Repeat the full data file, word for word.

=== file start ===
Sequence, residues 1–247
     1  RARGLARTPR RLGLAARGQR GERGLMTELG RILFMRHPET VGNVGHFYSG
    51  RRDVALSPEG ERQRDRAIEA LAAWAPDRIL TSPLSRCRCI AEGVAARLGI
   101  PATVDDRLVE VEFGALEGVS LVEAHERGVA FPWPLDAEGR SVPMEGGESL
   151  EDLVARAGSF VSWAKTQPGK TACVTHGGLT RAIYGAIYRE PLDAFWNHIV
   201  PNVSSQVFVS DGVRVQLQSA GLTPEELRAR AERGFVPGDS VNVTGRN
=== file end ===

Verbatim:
Sequence, residues 1–247
     1  RARGLARTPR RLGLAARGQR GERGLMTELG RILFMRHPET VGNVGHFYSG
    51  RRDVALSPEG ERQRDRAIEA LAAWAPDRIL TSPLSRCRCI AEGVAARLGI
   101  PATVDDRLVE VEFGALEGVS LVEAHERGVA FPWPLDAEGR SVPMEGGESL
   151  EDLVARAGSF VSWAKTQPGK TACVTHGGLT RAIYGAIYRE PLDAFWNHIV
   201  PNVSSQVFVS DGVRVQLQSA GLTPEELRAR AERGFVPGDS VNVTGRN